Some families might think Ripley’s is a bit old-fashioned or outdated – although for others this probably comes across as giving it that ‘golden age’ feel. It’s also very touristy, so bear that in mind when visiting if you’re local to London.
There is some strobe and flash lighting in a few areas of the museum. If you’re worried about it tell a member of staff and they’ll be able to help.
Oh – and as you might expect, visitors are asked to dispose of all food, drink and snacks before entering. This is no doubt a ploy to prompt a visit to their 3rd floor coffee shop, which is disguised as part of the museum. You’ll also have to exit through the gift shop.
MFM top tips: This is a pretty pricey attraction but you can usually find a discounted offer if you scout around online. We don’t think it’s worth paying full price for a family. Look in train and hotel brochures, as well as online, to find the best discount.
Ripley’s gets REALLY busy – lots of visitors on TripAdvisor suggest doing an evening visit which is worth considering if you have slightly older kids. You can buy a fast track ticket for £3 but that doesn’t apply to the mirror maze and laser race which are super popular areas of the attraction.
Make sure you start at the top (5th floor) and work your way down, so there’s less walking and an exciting start to the walkthrough in the talking lift!
When you leave the the laserace keep an eye out for the particularly brilliant arcade. It’s separate from Ripley’s! and you’ll have to pay to play the games (most games cost £1). There’s a wide variety of video games, air hockey and basketball games and more. It’s a real highlight, especially if your child likes interactive games.
Plan no more than 2 hours here. If you want to visit the arcade, make it 2.5 hours.
Don’t just take it from us: We scoured TripAdvisor to see what other parents were saying about the gallery. One said:
“I took my 11-year-old niece here for a day out last year. We found this to be a great place to visit. The attractions and information that went with them was really informative. The only two downsides for me, was the whole room of Spice Girl exhibits, fine if you liked them, and the Black Hole.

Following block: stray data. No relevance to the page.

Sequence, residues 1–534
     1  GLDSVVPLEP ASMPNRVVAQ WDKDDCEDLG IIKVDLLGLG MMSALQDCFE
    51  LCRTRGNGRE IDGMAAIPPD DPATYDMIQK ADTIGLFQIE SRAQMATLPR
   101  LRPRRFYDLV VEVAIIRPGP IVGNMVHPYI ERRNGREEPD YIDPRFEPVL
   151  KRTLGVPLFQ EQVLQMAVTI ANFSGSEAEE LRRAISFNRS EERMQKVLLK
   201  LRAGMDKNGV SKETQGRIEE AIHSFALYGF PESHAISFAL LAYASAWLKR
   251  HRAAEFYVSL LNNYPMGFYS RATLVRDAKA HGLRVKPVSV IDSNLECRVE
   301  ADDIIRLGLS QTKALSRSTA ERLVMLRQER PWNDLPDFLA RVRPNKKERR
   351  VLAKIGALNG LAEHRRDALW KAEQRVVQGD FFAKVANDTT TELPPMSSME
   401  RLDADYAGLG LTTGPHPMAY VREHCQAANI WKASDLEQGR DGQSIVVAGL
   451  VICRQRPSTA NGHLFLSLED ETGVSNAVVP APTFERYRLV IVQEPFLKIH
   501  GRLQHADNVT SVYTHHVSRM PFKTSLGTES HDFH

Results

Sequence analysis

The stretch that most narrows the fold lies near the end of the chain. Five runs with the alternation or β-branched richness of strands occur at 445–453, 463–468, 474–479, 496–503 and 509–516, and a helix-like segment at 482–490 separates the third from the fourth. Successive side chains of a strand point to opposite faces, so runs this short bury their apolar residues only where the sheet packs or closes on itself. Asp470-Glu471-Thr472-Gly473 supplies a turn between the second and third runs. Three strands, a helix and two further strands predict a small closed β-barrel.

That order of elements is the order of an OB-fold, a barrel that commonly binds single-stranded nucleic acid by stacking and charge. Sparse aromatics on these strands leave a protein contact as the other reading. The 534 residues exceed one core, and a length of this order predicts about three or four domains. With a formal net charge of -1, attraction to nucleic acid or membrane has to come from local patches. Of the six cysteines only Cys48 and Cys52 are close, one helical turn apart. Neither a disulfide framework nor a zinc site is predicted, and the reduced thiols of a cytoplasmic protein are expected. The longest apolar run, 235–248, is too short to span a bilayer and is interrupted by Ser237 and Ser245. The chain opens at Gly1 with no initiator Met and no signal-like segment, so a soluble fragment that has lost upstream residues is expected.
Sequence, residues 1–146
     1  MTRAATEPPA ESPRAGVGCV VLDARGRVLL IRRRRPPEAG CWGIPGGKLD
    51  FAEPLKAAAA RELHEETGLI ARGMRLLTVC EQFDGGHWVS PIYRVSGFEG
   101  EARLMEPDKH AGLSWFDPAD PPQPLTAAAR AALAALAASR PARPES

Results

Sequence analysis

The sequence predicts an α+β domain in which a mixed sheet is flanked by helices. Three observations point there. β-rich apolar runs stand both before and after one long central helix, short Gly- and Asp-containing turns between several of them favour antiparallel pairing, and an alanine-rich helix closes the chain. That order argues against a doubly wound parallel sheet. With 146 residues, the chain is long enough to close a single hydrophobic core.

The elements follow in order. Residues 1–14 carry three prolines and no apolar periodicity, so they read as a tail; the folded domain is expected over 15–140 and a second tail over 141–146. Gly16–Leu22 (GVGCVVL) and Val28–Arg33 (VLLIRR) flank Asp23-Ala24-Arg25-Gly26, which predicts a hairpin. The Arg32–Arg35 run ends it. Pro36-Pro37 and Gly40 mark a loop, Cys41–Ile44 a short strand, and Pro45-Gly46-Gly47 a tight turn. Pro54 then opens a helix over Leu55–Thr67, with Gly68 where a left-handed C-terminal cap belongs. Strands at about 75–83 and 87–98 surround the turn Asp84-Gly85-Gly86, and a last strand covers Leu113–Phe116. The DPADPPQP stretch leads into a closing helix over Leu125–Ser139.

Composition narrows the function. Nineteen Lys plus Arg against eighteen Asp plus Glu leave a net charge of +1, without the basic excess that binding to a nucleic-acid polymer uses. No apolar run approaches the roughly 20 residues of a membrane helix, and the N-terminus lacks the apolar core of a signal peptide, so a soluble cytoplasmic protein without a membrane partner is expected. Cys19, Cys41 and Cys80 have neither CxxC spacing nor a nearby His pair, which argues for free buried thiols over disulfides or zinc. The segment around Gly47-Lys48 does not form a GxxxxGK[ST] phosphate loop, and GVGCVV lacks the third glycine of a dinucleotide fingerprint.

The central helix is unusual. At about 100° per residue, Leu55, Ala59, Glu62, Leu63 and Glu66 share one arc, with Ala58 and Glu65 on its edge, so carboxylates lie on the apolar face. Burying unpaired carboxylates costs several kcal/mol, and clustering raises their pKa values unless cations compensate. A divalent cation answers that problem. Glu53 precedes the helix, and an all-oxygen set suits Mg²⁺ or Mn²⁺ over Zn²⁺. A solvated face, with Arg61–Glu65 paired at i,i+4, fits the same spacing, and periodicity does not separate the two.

I unfortunately don’t enjoy this type of thing and found it a little annoying that you had to go through it to continue and that was no way around it. Other than that we had a great time there. I would say that this is probably somewhere that I would only visit once but would recommend it.”
“We visited as a family of 4 with two young children. We arrived at about 10.15am and walked straight in. No queue.
You start at the top and work your way down, floor by floor. We didn’t rush and saw most things on show. We left at about 11.45am…I would recommend going, but bear in mind this is only a 2hr max attraction. I would say get there early when it’s quieter.
I would like to see this place close for a few weeks, get a serious lick of paint, new floor coverings, a few new exhibits etc. to freshen it up. But for now, it ticks a few boxes.
Don’t expect Madam Tussauds, Natural History Museum type experience otherwise you will be disappointed.”
Getting there: Find it in Piccadilly Circus, just outside of the respective tube station (use exit 4 to Coventry Street – they’re right on the corner).